Australia's unique natural wonders are at risk from ecotourism expansion

Phillip Island Penguin Parade Visitor Centre

Phillip Island Penguin Parade Visitor Centre – Photo courtesy Gerard Reinmuth, via Wikimedia Commons (CC BY-SA 4.0)

Ecotourism down under faces tensions and contradictions similar to many other destinations worldwide. Tourism is a major industry in Australia, with iconic attractions such as the Great Barrier Reef, Uluru, and the red centre, plus its unique flora and wildlife.

Before the pandemic, tourism accounted for 3.1 percent of the Gross Domestic Product in 2018–2019 and 3.3 percent of overall employment.

The following is just a small selection of tourism-related threats to Australia's environment.

Trashing the trail

Located in central Australia, the Larapinta trail runs along Tjoritja (the West MacDonnell National Park) west of Alice Springs. It is very popular with walkers, with many choosing commercial trips that use so-called eco campsites.

Recent environmental concerns have stemmed from telltale traces of human waste and trash.

There are similar concerns about hut-to-hut style walks in other parts of the country.

One controversial development is a proposed eco-resort near Victoria’s Great Ocean Road, home to the very popular Twelve Apostles. The Save Princetown Wetlands community group continues to campaign on Facebook.

Infrastructure in national parks

Accommodation and other infrastructure pose real pressures in national parks. The Guardian’s Eden Gillespie canvassed some of these sites recently and detailed their environmental threats in a recent report. According to Griffith University academic Ralf Buckley:

The general public is not in favour of these kinds of developments but developers don’t care … They are looking at single visits by wealthy urbanites.

These kinds of developments proposed … I don’t think they’re good for conservation, I don’t think it’s good for equitable public access to parks and I don’t think it’s good for the tourism industry.

Ecotoruism Australia’s Elissa Keenan responded:

We are advocates for tourism operators in national park areas who adhere to international best-practice sustainability standards

The Kosciuszko National Park is a recent example of a community divided over environmental and development issues.

Another proposal is at Lake Malbena on Halls Island within the Tasmanian Wilderness World Heritage Area.

Submissions regarding the proposal closed on October 19, 2022. It still awaits Federal government approval.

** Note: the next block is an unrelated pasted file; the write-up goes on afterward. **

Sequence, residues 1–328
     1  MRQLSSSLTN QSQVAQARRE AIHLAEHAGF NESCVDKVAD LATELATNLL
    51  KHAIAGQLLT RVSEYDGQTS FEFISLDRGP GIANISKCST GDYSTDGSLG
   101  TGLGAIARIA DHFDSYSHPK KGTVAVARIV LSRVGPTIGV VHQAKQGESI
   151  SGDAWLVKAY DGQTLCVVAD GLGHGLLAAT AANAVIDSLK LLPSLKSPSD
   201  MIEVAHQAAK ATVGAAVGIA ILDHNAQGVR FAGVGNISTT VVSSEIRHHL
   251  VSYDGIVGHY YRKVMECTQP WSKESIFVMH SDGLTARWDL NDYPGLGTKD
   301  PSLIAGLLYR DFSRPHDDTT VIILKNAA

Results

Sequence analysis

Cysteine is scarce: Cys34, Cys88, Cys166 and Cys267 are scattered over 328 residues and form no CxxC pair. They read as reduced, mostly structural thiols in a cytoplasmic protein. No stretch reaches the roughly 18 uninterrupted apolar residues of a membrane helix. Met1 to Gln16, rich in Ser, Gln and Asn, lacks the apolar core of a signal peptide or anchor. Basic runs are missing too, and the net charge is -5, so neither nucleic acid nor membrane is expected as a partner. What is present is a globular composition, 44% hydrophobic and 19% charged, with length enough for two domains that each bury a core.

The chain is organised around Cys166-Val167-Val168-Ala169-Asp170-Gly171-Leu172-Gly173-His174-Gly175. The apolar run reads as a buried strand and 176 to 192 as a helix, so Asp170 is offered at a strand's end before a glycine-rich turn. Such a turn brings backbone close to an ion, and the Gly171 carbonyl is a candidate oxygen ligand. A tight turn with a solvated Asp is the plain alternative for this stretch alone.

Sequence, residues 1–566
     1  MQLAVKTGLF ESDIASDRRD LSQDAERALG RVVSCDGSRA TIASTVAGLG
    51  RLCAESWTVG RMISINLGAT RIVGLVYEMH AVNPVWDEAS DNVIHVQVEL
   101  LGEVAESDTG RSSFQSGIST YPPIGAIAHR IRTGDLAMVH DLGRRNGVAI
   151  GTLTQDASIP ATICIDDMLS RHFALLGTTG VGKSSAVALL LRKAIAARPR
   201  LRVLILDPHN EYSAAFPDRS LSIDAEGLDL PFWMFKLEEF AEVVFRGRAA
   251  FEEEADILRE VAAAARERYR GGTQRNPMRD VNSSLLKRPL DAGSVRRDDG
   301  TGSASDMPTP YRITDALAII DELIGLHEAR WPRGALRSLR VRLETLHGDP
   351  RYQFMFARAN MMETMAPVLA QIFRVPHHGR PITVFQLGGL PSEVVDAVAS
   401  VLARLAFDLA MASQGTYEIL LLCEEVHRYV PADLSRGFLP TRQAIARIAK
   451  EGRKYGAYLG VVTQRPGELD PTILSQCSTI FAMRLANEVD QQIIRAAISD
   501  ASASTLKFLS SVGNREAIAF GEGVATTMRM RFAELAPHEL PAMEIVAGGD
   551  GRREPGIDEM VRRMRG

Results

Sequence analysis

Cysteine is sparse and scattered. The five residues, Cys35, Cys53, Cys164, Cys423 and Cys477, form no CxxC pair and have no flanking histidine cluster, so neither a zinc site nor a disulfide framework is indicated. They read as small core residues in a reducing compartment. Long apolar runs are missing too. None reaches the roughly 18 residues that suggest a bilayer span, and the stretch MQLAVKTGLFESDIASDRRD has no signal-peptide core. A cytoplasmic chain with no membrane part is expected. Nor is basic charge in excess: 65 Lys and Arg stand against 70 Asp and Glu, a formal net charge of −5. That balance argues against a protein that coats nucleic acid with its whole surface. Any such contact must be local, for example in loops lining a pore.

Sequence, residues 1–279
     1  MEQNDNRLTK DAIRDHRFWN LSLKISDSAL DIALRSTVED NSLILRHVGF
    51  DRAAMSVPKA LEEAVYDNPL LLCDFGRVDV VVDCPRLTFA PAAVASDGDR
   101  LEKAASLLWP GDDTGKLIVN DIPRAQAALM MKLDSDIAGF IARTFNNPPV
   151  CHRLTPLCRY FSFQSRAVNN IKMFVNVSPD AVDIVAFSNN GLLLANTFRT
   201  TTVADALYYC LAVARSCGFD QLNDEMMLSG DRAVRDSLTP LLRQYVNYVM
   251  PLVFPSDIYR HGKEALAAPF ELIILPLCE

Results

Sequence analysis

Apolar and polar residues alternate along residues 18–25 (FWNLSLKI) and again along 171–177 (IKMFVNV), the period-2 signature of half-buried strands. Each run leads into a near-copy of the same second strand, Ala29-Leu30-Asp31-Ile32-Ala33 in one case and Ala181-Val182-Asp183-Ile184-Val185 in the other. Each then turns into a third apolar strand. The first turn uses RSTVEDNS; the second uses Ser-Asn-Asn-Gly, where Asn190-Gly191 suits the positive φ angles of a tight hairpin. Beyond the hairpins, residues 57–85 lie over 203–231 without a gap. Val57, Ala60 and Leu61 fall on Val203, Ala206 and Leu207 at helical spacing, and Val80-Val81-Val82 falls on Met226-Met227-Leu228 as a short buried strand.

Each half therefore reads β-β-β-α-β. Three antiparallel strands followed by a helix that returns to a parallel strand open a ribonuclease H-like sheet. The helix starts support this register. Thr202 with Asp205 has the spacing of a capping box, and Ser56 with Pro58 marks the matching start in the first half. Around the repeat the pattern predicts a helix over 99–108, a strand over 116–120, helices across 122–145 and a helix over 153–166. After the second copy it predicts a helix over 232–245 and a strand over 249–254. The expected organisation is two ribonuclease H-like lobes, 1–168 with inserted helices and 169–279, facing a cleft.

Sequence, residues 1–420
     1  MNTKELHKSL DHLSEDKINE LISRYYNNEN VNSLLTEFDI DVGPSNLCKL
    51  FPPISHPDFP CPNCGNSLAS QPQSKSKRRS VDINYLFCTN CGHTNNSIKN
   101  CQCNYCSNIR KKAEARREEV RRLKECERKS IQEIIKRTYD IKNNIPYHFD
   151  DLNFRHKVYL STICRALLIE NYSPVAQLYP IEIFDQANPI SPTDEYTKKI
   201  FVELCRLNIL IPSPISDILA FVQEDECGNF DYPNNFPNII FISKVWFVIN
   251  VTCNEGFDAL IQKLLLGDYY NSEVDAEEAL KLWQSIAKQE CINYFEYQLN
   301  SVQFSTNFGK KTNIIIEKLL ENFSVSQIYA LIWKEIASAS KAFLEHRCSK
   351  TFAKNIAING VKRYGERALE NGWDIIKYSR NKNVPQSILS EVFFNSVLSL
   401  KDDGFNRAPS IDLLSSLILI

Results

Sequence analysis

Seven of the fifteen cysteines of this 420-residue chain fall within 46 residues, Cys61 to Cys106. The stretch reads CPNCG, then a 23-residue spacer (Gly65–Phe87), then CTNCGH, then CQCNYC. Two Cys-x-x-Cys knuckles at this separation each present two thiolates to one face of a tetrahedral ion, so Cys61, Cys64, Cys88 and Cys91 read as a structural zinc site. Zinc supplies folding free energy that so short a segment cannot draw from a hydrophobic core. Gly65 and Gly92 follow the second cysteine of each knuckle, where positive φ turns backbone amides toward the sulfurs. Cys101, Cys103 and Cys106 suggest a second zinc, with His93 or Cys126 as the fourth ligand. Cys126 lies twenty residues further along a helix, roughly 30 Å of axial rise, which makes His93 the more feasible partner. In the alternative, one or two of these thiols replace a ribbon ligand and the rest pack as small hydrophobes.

A year after the devastating bushfires of 2019–2020, academic Freya Higgins-Desbiolles explored the impact of tourism on some of Oz’s special islands. It included Kangaroo Island with its fragile Flinders Chase National Park.

The most ironic threat is from unsustainable tourism. These islands attract millions of visitors a year keen to experience their natural wonders. Yet often this very “ecotourism” is contributing to their degradation.

ABC’s Background Briefing journalist Mayeta Clark had an in-depth story in July 2022 about the impact of tourism in national parks. Of particular concern were the three Capes Track in Tasmania and the Light to Light multi-day walk at Beowa National Park (formerly Ben Boyd NP) on the New South Wales coast. As one local put it: “It's a national park. It's not a hotel…”

Some good news: Closing a controversial climb

Uluru is one of the continent’s most recognisable natural wonders, affectionally known by many as “the rock” after its colonial name, Ayers Rock. It was the centre of controversy when traditional owners, the Anungu people, closed the climb to the peak to the public because of its cultural importance and ongoing environmental damage.

However, there were calls during the pandemic by a business lobby group to reopen the climb to boost tourism.

Phillip Island Penguin Parade Visitor Centre

One of the conservation success stories involves Phillip Island’s much-loved Little Penguins. A buyback scheme at the Summerlands residential area near the breeding colony began in 1985, with nearly 800 hundred properties purchased. There are now 40,000 breeding penguins at the island. A new state-of-the-art visitor centre was opened in 2019. During COVID19 lockdowns, it livestreamed the evening penguin parades.

The Phillip Island Nature Parks organisation prides itslef on being ‘an advanced ecotourism destination’.

Budj Bim

Budj Bim Cultural Landscape’s emerging tourism venture promotes itself as “a special place that offers unique and authentic visitor experiences of a living Indigenous culture, a history and a landscape which does not exist anywhere else.” Its ancient aquaculture system has trapped, stored and harvested eels by Gunditjmara people for thousands of years by using local volcanic rock to build channels and dams. The Budj Bim was World Heritage listed by UNESCO in 2019 for its outstanding universal value.

The committee recognised the area as having:

Exceptional testimony to the cultural traditions, knowledge, practices and ingenuity of the Gunditjmara [and] an outstanding representative example of human interaction with the environment.

Visitors can take small group tours with local Indigenous guides at the Kurtonitj Indigenous Protected Area, which has well-formed pathways and boardwalks. The 2022–2030 Master Plan recognises possible damage and pollution risks in the more sensitive day-use areas and will restrict access to “guiding experiences.” Tourists already have open access to areas such as Lake Condah and Lake Surprise. Current features include camping, walks and other recreational activities. Community, school group and luxury accommodations are being investigated.

A final thought from Penny who lives on Kaurna country, traditional Indigenous lands near Kangaroo Island:

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